What is dry eye?

What is Dry Eye?
The eye has a tear film that coats the eye’s outer layer. New tears form in several glands located around the eye and keeps the moisture level in the eye balanced. This protective film is important for eye comfort and clear vision. Some people do not produce enough lubrication to keep the eyes wet and comfortable. This condition is known as Dry Eye and is one of the most common eye complaints.

Causes of Dry Eye
Dry Eye results from a variety of causes, but aging is the single highest risk factor because the production of tears decreases. Although it occurs in women and men, post-menopausal women are most affected.

Other causes of dry eye can include:

* Certain illnesses (including rheumatoid arthritis, lupus, Graves’ disease, diabetes, scleroderma, and Sjogren’s syndrome)
* Hormonal changes in women after menopause and during pregnancy
* Poor blinking habits such as when reading or working for long periods at a computer screen
* Being in a dry, indoor environment such as one with air conditioning
* Wearing contact lenses
* Certain medications (including tranquilizers, antihistamines, certain heart medications, diuretics, birth control pills and ulcer medications)

Drugs That May Cause Dry Eyes include the following:

Acetophenazine
Amitriptyline
Antazoline
Atropine
Azatadine
Belladona
Beta Blockers
Bromphreniramine
Carbinoxamine
Carphenazine
Chlorisondamine
Chlorpheniramine
Chlorpromazine
Clemastine
Cyroheptadine
Desipranline
Dexbrompheniramine
Dexchlorpheniramine
Diethazine
Dimethindene
Diphenhydramine
Diphenylpyraline
Doxylamine
Ether
Ethopropazine
Fluphenazine
Hashish
Hexamethonium
Homatropine
Imipramine
Isoretinoin
Marijuana
Mesoridazine
Methdilazine
Methotrimeprazine


Methscopolamine
Methyldopa
Methylthiouracil
Metoprolol
Morphine
Nitrous Oxide
Nortriptyline
Opium
Oxprenolol
Perazine
Periciazine
Perphenazine
Pheniramine
Piperacetazine
Practolol
Prochlorperazine
Promazine
Promethazine
Propiomazine
Propranolol
Protriptyline
Pyrilamine
Scopolamine
Tetrahydrocannabinol
THC
Thiethylperazine
Thioproperazine
Thiordazine
Thirpropazate
Trichloroethylene
Trifluoperazine
Trifupromazine
Trimeprazine
Tripelennamine
Triprolidinev

Symptoms of Dry Eye
Dry eye symptoms include a dry, gritty or burning sensation in the eyes, redness, watery or teary eyes, and mucus that make the eyes feel “glued shut” after sleeping. Many also report the feeling that “something is in my eye”, or eyestrain. Itching and light sensitivity may also occur. Symptoms are usually worse late in the day.

Diagnosis and Treatment of Dry Eye
Very often, dry eye can be diagnosed based on symptoms. In addition, ophthalmologists use a variety of special tests including measurement of tear production, use of dyes, and evaluation of the constitution of the tear film in order to confirm the diagnosis. These tests serve to rule out other potential problems, such as conjunctivitis, that can produce the same symptoms.

If dry eye is left untreated, it may damage tissue and scar the cornea. Therefore, it is a medical problem that requires treatment. Treatment of dry eye is directed at wetting the eye, reducing inflammation, improving the environment, and evaluating overall health condition, medications and diet.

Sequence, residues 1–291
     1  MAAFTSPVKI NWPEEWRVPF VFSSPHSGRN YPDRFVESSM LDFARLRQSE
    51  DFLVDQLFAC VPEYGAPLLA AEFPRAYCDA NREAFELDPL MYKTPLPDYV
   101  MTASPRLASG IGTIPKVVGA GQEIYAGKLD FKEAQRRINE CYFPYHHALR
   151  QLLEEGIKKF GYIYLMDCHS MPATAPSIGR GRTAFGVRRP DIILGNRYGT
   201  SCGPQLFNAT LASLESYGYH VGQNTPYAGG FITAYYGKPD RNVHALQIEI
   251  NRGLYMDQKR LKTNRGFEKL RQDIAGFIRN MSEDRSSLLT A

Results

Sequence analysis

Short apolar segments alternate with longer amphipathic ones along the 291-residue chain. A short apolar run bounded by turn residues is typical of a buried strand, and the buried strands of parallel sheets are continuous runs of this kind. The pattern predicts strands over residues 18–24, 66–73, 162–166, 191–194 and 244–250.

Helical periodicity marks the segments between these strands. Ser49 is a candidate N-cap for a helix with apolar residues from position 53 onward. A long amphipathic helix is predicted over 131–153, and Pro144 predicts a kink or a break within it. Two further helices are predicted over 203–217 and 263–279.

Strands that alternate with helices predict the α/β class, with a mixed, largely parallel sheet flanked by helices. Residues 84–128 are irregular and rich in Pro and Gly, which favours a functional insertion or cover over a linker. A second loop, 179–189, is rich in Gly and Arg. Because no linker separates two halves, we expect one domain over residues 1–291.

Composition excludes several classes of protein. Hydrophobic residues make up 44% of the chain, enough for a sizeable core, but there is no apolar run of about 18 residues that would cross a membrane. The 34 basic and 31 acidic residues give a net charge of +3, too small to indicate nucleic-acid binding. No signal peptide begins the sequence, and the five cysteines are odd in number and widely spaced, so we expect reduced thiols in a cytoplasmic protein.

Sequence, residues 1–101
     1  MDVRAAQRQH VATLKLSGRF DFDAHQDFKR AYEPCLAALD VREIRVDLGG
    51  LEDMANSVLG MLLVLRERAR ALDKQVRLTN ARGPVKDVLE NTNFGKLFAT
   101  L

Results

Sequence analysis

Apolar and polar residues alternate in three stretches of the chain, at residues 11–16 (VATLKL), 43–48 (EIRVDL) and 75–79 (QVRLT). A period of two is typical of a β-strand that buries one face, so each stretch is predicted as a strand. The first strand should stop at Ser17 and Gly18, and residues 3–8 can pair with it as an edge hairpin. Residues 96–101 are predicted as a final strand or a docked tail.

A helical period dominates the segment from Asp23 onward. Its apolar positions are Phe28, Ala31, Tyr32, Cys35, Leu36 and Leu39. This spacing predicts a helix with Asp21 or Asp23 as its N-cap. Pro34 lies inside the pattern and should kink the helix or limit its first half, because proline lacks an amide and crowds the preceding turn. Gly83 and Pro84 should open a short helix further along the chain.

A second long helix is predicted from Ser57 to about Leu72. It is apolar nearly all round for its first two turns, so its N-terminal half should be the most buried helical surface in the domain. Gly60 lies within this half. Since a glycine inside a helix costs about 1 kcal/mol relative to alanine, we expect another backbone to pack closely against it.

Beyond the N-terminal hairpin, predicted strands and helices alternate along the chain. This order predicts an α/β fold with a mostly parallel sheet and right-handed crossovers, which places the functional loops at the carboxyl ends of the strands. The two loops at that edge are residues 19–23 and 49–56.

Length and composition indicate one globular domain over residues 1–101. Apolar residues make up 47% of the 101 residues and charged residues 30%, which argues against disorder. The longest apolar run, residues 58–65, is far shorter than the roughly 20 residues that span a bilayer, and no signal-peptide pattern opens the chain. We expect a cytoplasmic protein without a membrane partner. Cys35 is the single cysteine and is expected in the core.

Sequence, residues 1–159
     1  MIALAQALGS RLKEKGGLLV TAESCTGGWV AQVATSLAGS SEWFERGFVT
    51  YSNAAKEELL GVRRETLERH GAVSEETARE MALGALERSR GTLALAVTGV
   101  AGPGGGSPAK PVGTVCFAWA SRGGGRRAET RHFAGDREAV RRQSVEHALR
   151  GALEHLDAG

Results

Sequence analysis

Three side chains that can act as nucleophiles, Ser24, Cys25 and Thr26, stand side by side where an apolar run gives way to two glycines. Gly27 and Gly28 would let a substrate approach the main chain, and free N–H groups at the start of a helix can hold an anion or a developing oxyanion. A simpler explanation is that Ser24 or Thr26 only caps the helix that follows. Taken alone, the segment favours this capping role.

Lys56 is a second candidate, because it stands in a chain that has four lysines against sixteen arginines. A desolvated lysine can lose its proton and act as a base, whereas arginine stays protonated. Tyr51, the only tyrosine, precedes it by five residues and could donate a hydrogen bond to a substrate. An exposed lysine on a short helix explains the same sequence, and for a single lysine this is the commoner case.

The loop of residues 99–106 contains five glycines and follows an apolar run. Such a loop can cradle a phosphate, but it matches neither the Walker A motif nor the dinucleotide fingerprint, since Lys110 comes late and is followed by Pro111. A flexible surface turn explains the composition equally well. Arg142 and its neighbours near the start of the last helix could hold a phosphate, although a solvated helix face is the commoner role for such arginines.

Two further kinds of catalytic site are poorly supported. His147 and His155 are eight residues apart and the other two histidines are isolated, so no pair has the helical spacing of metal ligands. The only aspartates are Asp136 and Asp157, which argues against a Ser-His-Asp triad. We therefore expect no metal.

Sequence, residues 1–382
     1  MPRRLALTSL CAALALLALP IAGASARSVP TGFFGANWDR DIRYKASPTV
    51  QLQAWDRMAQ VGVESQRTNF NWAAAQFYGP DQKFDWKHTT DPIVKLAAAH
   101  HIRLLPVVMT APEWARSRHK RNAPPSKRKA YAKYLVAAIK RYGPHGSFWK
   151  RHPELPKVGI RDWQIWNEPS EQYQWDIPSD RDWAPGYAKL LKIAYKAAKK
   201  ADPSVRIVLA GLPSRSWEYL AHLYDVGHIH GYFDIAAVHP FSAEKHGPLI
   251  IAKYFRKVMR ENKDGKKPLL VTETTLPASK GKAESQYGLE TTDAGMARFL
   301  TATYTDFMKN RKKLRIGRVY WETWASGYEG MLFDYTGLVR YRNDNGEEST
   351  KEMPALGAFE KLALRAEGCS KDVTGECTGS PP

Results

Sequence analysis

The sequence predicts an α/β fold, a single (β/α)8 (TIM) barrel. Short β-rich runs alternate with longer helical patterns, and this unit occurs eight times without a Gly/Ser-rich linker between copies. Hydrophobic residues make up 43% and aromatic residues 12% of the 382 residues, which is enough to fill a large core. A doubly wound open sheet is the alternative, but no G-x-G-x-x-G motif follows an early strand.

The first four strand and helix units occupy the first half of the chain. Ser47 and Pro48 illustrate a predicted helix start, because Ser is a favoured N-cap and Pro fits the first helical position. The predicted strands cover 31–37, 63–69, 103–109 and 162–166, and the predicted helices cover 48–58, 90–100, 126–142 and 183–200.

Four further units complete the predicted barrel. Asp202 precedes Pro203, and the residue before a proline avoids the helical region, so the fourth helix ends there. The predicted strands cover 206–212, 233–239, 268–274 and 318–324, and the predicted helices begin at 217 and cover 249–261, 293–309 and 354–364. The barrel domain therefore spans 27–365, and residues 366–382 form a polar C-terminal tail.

Therapies include:

* Use of artificial tears or ointments to lubricate the eye
* Insertion of punctal plugs which prevent tear drainage out of the eyes
* Evaluation of surrounding environment for dryness and dust
* Modifications to diet such as increasing water intake
* Evaluation of medications; many of which can dehydrate sensitive tissues in the body
* Remembering to blink
* Treatment of associated medical problem such as blepharitis, conjunctivitis, or eyelid problems that keep the eyes from closing entirely during an involuntary blink.

A person with symptoms of dry eye may only need artificial tears. However, since dryness can signal other problems or even cause serious damage to the eye, being seen by an ophthalmologist is highly suggested if symptoms are bothersome and do not resolve in a short period of time.

How Can Dry Eye Patients Wear Contacts?
Great improvements have been made in contact lens materials. In the past, many dry eye patients could not tolerate contacts. Now, they can be fit with numerous new types of contacts, especially ones that contain the newest polymers. These molecules attach to water, allowing the lens to resist deposits and function better.

There have been great advances in the recognition, diagnosis and treatment of various types of dry eye. For example, patients with oil gland dysfunction can tolerate contact lenses for extended periods of time through a regimen of warm compresses, lid scrubs and artificial teardrops.

Chronic dry eye patients can now wear their contact lenses more comfortably thanks to high quality eye drops such as Restasis®, the only eye drop approved by the FDA to treat chronic dry eye. Most dry eye patients can now tolerate contact lenses for at least eight hours per day. Patients formerly dependent on eyeglasses can now enjoy a newfound freedom from their glasses and try the latest technology in contact lenses, including multifocal lenses.

An eye doctor or eyewear technician can show you about the different contact lens polymers available today. During an office visit, a physician or eye technician performs a thorough investigation into the history and habits of the contact lens patient. The technician measures the patient's eye, evaluates the lenses currently being worn and provides a lens recommendation based on the patient's specific needs. Patients are then given instructions on how to handle and care for their lenses